At first sight it might appear that the outer bank of the hill-fort had encroached upon and was therefore later than, the Roman road, but a close scrutiny of the air-photograph and on the spot shows that this impression is wrong. The Roman road quite clearly breaks into the ditch of the entrenchment; this is best seen in the south-west part. The wide cutting at G is later than the Roman road, for it has broken through the side-banks (what appears on the photograph to be a continuation of the south-eastern side-bank across the cutting is only a modern track). Nevertheless the cutting G is of considerable antiquity, for the tracks near H J K deliberately converge at a point (just off the plate) where the cutting ends, and one at least of these tracks is earlier than the mound J. This mound is peculiar in character, and though it has been much dug over, it is, I fancy, of the same age and character of the mounds L M N, which are Roman. It may be suggested therefore that the cutting G may be of Romano-British or slightly earlier age. If begun from the lower or north-west end, as it must have been, and before the Roman road was made, all the facts would be satisfactorily accounted for.

The conical mounds L, M and N are all three quite certainly Roman burial-mounds, erected by the side of the Roman road. The largest, N, is of oval shape and is surrounded by a curious steep little bank. The mound itself is unusually steep-sided and quite unlike the burial-mounds of the Bronze Age. It has the appearance of a large pile of earth that has been tipped there; the mound makes a sharp angle with the natural surface at its foot, quite unlike the smooth curve of a prehistoric barrow. There is no record of the opening of the mounds, and their present appearance suggests that they are intact; the author of that strange book The Barrow Diggers (London, 1839) says, however (p. 62), that 'they appear to have been opened'.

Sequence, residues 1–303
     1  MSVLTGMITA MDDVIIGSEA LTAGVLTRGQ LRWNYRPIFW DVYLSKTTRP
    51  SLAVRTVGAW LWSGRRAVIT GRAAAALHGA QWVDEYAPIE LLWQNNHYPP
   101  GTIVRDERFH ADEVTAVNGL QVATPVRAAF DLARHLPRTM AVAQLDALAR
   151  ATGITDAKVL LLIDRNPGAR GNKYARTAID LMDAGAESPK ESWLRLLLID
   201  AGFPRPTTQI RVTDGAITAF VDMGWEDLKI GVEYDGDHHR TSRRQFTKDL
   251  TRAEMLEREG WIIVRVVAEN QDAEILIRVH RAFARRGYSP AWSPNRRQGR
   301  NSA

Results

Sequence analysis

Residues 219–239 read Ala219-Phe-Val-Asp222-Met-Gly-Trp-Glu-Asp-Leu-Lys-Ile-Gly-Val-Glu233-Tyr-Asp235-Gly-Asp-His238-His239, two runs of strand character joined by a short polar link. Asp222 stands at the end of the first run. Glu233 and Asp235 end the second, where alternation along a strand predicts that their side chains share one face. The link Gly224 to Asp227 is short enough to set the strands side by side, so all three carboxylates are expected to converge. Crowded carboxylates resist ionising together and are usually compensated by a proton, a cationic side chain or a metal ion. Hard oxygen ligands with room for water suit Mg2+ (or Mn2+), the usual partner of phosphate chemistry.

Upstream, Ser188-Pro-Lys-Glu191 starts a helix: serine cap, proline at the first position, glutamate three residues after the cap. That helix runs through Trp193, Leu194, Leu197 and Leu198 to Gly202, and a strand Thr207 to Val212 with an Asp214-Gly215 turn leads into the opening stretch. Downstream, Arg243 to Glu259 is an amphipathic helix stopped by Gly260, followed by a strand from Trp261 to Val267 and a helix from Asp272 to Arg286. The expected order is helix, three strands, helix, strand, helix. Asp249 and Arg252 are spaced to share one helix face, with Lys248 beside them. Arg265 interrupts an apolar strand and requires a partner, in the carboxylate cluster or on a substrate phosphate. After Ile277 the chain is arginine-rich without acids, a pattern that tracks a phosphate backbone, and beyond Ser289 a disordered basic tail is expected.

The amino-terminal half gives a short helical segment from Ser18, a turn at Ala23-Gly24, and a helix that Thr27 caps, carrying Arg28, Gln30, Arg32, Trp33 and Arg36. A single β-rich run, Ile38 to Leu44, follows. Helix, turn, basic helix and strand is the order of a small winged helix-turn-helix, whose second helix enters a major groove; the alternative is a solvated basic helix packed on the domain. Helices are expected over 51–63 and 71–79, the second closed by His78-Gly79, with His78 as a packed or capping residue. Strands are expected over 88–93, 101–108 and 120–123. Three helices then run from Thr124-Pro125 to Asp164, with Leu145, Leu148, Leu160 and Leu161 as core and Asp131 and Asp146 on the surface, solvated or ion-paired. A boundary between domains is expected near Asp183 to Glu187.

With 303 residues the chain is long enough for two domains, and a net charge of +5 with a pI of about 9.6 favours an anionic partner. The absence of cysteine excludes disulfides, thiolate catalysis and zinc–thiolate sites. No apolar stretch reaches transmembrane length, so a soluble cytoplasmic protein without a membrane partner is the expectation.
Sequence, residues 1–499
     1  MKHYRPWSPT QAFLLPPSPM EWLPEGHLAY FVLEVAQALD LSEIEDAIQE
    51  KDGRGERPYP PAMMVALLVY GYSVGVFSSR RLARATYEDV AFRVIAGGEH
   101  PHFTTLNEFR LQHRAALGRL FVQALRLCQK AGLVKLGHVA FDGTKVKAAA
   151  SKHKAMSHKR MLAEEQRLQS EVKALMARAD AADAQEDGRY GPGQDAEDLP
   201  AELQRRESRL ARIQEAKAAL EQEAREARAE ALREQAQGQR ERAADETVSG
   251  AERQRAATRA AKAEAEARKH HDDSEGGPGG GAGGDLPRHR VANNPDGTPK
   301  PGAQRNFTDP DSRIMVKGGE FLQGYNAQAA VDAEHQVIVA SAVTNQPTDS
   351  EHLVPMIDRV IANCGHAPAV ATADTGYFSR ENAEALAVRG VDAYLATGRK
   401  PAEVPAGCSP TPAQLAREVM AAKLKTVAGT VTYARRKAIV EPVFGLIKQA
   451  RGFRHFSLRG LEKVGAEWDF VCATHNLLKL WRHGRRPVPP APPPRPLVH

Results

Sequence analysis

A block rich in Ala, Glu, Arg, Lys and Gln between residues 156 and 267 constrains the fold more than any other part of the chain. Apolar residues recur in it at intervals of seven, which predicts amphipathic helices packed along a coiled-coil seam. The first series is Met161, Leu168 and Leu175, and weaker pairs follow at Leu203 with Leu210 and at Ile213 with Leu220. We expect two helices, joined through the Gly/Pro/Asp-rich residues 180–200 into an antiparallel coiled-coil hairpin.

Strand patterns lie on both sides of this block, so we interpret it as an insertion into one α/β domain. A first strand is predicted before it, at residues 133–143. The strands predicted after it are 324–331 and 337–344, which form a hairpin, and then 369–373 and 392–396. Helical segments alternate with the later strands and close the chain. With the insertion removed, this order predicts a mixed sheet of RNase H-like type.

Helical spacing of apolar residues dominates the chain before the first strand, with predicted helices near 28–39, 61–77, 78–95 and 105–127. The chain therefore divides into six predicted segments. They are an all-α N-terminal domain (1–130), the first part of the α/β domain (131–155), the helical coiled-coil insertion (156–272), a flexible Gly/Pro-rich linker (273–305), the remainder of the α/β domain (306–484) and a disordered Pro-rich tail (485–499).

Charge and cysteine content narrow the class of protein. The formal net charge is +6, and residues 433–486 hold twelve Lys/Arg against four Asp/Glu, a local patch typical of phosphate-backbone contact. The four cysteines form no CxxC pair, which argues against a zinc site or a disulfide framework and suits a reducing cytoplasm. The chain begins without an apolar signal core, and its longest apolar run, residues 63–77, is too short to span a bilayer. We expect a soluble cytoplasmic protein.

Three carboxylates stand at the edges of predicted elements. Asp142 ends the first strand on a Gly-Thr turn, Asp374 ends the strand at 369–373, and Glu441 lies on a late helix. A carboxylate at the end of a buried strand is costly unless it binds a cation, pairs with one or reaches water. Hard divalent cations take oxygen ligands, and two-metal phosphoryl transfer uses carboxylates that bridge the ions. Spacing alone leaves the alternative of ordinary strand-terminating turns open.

At the top of the plate the curve of the Poole Road is just discernible, but the branches to the north are invisible. On the ground they are plain, and in the same field may be traced without difficulty the junction of all these roads. The writer examined them in March 1919, and was the first to discover and record the course of the Bath Road between Badbury and the Salisbury-Blandford Road,